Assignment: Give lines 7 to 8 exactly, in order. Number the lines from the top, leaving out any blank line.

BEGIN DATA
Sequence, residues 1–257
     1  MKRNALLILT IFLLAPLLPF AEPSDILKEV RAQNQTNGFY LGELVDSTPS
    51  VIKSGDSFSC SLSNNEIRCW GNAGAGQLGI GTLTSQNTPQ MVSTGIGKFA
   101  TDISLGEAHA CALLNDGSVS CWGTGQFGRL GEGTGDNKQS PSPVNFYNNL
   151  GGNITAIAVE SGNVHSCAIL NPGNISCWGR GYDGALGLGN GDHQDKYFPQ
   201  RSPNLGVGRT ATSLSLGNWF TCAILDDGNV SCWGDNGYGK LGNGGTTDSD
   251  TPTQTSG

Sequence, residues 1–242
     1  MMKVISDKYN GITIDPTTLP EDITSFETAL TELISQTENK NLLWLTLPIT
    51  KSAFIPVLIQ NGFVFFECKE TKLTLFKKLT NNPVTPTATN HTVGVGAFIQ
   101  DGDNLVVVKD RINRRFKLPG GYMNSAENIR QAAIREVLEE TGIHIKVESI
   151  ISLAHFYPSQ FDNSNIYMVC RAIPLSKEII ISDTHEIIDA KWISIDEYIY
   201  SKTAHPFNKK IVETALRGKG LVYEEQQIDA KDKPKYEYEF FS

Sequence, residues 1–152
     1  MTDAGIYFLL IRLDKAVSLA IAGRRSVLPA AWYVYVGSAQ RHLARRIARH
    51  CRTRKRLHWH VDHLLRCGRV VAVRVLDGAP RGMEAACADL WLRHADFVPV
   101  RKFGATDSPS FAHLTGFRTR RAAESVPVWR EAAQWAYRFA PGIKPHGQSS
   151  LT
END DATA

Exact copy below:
   251  TPTQTSG

Sequence, residues 1–242